Jon Evans

Over spring break this year, my family took a trip to Disney’s Magic Kingdom.  It was truly magical, especially for our three young kids!  We saw characters and princesses, rode incredible rides, and experienced amazing performances and parades.  But, the most awe-inspiring element of the entire park was Cinderella’s castle.  As you walk toward the castle, you can’t help but be moved by the size of it.  It’s a beautiful, perfectly shaped outline towering above the courtyard below.  It’s an inspiring piece of art.

Out of curiosity, I looked into the finer details of how it was made and discovered some Disney ‘magic’ was used in the construction process.  Although the structure appears to be made of bricks, the support walls were built entirely out of steel framing and concrete.  There is no real gold on the structure at all, the ‘gold’ we see is actually anodized aluminum.  Also, I found the designers used a common set building technique known as “forced perspective.” This trick makes the structure appear much larger than it actually is by reducing the size of windows, doors, and stones at the higher portions of the castle.  This enhances the castle’s dramatic appearance.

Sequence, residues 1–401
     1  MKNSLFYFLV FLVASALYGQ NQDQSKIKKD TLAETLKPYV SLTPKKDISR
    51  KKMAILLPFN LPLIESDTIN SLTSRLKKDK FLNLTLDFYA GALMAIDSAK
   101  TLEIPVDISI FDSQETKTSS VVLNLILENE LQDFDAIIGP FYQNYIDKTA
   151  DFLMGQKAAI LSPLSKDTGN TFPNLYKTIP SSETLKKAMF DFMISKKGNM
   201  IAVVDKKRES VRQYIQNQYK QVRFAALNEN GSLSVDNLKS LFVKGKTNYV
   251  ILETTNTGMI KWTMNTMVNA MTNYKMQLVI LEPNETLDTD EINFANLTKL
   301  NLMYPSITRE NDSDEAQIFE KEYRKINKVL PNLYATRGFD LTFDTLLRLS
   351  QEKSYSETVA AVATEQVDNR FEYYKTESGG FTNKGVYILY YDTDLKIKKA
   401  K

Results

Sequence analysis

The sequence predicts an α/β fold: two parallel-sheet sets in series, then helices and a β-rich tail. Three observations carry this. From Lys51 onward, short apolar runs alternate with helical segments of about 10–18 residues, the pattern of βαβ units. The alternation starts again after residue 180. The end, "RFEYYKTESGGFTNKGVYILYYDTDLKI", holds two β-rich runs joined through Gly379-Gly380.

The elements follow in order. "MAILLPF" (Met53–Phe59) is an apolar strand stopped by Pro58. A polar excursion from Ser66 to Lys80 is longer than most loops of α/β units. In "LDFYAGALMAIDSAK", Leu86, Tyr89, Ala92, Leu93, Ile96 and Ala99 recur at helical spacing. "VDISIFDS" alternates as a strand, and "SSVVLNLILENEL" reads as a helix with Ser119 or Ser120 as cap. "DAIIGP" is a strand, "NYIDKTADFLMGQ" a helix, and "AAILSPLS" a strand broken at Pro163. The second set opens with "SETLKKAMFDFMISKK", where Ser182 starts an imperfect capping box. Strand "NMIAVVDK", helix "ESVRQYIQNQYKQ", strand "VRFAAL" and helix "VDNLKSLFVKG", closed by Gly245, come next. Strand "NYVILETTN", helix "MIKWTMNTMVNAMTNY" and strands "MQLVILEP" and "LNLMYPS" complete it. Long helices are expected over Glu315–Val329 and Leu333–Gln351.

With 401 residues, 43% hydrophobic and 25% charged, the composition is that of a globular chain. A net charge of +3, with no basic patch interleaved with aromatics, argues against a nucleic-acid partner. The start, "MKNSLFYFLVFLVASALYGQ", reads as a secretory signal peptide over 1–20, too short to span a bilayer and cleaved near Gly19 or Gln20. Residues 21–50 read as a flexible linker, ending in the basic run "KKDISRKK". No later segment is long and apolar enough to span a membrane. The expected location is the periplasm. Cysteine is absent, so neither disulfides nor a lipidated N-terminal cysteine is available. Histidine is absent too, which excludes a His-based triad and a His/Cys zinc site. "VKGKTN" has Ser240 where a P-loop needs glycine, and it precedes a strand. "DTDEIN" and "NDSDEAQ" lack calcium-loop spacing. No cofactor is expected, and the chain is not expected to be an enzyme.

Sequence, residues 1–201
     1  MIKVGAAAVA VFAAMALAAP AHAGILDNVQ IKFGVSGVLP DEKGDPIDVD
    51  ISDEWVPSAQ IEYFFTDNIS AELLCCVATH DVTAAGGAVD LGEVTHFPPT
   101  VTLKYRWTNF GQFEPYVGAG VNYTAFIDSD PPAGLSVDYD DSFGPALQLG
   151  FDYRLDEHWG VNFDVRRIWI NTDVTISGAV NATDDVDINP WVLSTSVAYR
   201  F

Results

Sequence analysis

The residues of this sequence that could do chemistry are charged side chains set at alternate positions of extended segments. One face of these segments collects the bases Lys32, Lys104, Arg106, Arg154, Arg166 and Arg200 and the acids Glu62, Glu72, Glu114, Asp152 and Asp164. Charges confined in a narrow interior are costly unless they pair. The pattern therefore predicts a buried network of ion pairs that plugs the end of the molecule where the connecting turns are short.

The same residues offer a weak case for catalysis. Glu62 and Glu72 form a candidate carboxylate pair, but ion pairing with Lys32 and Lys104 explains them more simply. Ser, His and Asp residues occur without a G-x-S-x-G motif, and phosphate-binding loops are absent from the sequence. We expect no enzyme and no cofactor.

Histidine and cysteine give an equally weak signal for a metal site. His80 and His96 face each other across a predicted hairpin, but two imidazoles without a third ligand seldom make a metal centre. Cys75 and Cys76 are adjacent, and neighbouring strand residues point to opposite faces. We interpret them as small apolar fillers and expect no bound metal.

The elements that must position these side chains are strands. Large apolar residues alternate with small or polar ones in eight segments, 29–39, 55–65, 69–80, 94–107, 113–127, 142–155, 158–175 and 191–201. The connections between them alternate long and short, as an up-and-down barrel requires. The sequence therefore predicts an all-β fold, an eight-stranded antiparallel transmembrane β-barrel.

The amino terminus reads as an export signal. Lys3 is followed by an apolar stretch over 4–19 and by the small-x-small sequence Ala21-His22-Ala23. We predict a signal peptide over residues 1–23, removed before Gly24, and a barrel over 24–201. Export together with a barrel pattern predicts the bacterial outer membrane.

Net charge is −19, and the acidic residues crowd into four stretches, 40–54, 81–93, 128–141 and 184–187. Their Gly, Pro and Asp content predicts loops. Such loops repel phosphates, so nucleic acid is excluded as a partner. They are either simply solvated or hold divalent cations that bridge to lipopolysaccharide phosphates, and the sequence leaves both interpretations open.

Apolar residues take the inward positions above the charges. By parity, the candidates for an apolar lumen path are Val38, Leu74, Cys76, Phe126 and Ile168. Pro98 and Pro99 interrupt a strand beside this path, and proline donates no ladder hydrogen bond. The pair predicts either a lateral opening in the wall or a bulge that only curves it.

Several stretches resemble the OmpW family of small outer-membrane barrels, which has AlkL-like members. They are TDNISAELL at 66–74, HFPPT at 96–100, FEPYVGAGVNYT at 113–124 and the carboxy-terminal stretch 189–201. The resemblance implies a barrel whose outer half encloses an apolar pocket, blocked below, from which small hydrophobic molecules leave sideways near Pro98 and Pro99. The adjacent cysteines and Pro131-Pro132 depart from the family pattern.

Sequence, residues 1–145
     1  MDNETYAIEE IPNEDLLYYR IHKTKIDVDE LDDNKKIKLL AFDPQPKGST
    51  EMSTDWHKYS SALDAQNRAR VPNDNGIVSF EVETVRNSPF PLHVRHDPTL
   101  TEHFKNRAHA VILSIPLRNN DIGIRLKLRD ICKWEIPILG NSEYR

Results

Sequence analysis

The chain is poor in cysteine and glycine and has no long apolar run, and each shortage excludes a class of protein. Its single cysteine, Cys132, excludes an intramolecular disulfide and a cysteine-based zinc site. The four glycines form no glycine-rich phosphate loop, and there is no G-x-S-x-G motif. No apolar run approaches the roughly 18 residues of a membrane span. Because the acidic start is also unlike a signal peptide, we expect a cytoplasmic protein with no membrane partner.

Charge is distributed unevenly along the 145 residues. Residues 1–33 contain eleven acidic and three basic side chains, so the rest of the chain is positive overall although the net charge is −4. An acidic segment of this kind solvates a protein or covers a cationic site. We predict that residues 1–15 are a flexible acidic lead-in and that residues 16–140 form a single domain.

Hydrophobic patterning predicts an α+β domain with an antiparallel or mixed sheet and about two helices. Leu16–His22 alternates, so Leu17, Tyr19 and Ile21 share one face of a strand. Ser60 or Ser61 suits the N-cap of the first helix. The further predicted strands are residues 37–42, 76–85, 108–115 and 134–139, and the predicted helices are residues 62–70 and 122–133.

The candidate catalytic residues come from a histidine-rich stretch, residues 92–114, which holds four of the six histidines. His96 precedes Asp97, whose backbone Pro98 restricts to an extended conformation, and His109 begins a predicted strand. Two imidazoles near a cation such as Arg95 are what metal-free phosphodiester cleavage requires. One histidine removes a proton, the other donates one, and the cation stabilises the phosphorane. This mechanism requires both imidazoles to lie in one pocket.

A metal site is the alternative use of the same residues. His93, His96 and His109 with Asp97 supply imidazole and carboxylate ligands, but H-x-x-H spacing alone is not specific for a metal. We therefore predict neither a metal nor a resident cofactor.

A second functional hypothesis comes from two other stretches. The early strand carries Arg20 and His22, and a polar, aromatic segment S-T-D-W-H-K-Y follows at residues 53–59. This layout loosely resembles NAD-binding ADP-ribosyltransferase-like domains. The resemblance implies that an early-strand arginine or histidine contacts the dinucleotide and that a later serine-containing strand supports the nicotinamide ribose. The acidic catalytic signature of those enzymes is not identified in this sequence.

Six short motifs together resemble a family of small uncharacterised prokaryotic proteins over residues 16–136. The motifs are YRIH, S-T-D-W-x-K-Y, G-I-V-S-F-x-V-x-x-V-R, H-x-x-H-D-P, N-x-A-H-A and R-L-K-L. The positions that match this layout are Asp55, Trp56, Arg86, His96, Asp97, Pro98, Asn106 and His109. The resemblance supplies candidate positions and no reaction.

It was interesting to learn about how this “magical” castle was made (even after learning the secrets, it’s still impressive) and it also reminds me of how easily we, as investors, can get caught up in the ‘magic’ of a new or hot investment.  The idea of a ‘sure thing’ investment is incredibly attractive, especially considering the market gyrations we’ve experienced over the past ten years.  But, taking a deeper look often reveals a different story – usually far less compelling.  Investment opportunities that sound like a fairytale, usually are.  As investors, we would be far better off avoiding the allure of chasing the next ‘magic’ investment – and instead focus on maintaining a well-diversified portfolio that cost-effectively captures market returns.

The quote, “Things are not always as they seem.” applies to both castles and investments.

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